But Oregonians’ opinions on these matters are to some extent uninformed.  As of August 2023, only thirty percent of respondents reported having personally experienced ChatGPT, which had been freely available to the public for over eight months.  Almost as many respondents did not know that ChatGPT was an example of AI; many respondents did not realize that AI has long been integrated into numerous commonly used digital platforms and tools.

The survey results reflect a sense of urgency around responding—in some way—to the shifting landscape.  In August 2023, almost sixty percent of respondents wanted both the federal and state governments to issue regulations ensuring that AI research and development serves the public interest, though fewer than twenty percent of respondents trusted government entities to make AI-related decisions.  Perhaps surprisingly, respondents trusted AI creators and marketers to self-regulate more than they trusted governments to regulate AI.  Four months later, that had shifted: The suggestion that corporations developing AI products should self-regulate enjoyed half as much strong support as the call for government regulation.  And while two-thirds of Oregonians believed that state officials lack the necessary expertise to regulate AI, over a third thought the state should move forward with regulation regardless of its expertise deficiency.

Oregonians expressed mixed opinions about how the state should respond to generative AI’s utility and risks.  Some Oregonians see opportunity and hope that the state will capitalize on it, becoming a leader in the sector by recruiting AI companies and research organizations.  At the same time, one in five Oregonians suggests that the state ban the use of new AI models by government employees.  With its diverse positions, Oregon mirrors the nation: the Pew Research Center has recently documented divergent views and uncertainty among teachers (about AI tools’ benefits and harms to K-12 education) and among the general public (about whether AI tools should cite source materials).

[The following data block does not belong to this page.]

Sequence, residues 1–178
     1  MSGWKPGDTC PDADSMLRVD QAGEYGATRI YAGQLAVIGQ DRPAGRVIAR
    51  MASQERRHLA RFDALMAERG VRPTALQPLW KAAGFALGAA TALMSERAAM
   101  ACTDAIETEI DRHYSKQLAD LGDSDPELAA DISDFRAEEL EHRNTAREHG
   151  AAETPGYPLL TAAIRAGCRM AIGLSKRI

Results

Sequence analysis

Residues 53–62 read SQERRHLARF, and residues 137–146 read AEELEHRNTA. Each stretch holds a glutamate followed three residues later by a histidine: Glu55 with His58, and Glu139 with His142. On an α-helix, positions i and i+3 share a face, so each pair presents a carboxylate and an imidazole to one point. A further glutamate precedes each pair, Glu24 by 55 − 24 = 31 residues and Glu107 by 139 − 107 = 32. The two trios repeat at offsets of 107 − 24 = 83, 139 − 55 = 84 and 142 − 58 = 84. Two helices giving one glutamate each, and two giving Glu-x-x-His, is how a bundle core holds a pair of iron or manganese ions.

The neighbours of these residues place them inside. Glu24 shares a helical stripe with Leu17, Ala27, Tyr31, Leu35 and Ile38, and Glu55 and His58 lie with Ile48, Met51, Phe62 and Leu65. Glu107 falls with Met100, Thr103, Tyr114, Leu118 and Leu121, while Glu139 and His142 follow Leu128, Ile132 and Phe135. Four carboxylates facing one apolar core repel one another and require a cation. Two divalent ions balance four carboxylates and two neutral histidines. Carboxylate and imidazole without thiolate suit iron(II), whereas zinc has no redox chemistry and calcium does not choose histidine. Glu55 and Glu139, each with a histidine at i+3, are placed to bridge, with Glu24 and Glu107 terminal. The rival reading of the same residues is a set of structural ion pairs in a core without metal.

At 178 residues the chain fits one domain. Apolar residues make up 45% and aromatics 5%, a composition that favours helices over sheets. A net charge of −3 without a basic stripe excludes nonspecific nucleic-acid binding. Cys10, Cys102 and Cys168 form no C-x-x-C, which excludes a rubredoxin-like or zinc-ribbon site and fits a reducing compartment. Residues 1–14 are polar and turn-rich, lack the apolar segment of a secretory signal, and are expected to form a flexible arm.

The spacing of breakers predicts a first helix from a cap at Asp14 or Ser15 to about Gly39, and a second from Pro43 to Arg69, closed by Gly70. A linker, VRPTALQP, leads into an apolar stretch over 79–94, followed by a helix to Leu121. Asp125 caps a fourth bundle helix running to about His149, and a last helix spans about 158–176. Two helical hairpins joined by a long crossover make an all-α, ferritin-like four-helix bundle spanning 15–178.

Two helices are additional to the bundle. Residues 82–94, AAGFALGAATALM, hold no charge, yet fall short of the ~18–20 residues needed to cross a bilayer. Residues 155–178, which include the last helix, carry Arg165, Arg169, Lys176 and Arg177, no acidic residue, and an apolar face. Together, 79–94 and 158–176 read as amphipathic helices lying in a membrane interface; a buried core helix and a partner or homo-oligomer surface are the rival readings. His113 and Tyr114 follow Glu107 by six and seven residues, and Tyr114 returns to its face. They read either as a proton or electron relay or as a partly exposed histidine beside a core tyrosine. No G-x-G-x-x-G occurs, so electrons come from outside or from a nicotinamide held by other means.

Overall, Oregonians recognize that AI is here to stay. Almost two-thirds of those surveyed agreed that K-12 AI literacy programs are necessary, likely in part to prepare students for the jobs of the future.  This vision of the future triggers financial concern: Almost three-fourths of those surveyed agreed that unemployment benefits should be available for workers whose jobs become obsolete due to AI.  These are logical reactions to the pace of generative AI improvement: Corporations are investing aggressively in this technology, and new products are being tailored for specific contexts and to minimize known risks and weaknesses. While simply ignoring the technology is not a viable strategy, specifically how educators and others should react to generative AI’s growth raises open—and challenging—questions; finding answers will require creativity and cautious, but bold, experimentation.



Professor Rebekah Hanley has been a faculty member at the University of Oregon School of Law since 2004.  She teaches foundational lawyering skills to first-year law students; she also teaches professional responsibility and advanced legal writing courses.  As Oregon Law’s current Galen Scholar in Legal Writing, Professor Hanley is studying generative AI and its implications for law school teaching and the practice of law.


View more news releases from Oregon Values and Beliefs Center.